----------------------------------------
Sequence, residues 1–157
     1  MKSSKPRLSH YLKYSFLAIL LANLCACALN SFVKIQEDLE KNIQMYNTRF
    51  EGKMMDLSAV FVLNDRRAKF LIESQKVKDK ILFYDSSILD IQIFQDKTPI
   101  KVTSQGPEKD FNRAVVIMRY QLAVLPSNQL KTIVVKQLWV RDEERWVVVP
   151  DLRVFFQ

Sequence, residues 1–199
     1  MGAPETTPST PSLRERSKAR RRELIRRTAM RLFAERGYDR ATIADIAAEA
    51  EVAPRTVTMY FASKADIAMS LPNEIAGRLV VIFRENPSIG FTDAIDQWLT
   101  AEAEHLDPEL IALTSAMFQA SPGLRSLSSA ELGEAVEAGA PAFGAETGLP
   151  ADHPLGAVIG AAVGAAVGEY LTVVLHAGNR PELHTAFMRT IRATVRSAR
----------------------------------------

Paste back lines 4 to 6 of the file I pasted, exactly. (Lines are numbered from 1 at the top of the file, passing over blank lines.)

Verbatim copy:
   101  KVTSQGPEKD FNRAVVIMRY QLAVLPSNQL KTIVVKQLWV RDEERWVVVP
   151  DLRVFFQ

Sequence, residues 1–199